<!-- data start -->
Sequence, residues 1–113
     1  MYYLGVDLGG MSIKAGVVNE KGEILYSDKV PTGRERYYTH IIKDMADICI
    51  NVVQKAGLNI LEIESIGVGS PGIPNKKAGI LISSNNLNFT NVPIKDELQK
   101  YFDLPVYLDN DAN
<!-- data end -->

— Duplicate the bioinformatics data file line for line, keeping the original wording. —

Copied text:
Sequence, residues 1–113
     1  MYYLGVDLGG MSIKAGVVNE KGEILYSDKV PTGRERYYTH IIKDMADICI
    51  NVVQKAGLNI LEIESIGVGS PGIPNKKAGI LISSNNLNFT NVPIKDELQK
   101  YFDLPVYLDN DAN